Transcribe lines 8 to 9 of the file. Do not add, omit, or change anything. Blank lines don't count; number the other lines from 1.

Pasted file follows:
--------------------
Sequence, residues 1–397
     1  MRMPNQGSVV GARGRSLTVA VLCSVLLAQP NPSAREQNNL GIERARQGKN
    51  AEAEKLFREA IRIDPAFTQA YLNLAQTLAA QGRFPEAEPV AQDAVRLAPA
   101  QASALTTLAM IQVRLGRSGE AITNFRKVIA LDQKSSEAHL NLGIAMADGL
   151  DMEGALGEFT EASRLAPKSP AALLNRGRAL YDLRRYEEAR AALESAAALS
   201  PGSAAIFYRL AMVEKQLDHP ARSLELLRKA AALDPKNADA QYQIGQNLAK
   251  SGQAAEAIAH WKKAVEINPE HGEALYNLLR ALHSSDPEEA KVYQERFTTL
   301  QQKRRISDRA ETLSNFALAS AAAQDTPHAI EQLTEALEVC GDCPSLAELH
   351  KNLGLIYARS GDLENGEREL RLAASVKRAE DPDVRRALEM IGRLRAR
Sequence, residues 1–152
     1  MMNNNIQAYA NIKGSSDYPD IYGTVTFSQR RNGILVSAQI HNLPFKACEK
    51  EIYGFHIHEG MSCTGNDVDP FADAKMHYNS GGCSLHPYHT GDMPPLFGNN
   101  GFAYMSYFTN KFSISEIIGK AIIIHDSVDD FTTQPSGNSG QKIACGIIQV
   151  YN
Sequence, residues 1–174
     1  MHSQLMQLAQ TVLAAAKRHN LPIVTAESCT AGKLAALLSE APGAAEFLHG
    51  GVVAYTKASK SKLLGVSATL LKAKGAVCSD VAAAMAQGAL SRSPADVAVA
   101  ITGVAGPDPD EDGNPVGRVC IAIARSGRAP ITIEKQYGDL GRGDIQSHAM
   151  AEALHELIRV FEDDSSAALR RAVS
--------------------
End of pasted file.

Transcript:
   301  QQKRRISDRA ETLSNFALAS AAAQDTPHAI EQLTEALEVC GDCPSLAELH
   351  KNLGLIYARS GDLENGEREL RLAASVKRAE DPDVRRALEM IGRLRAR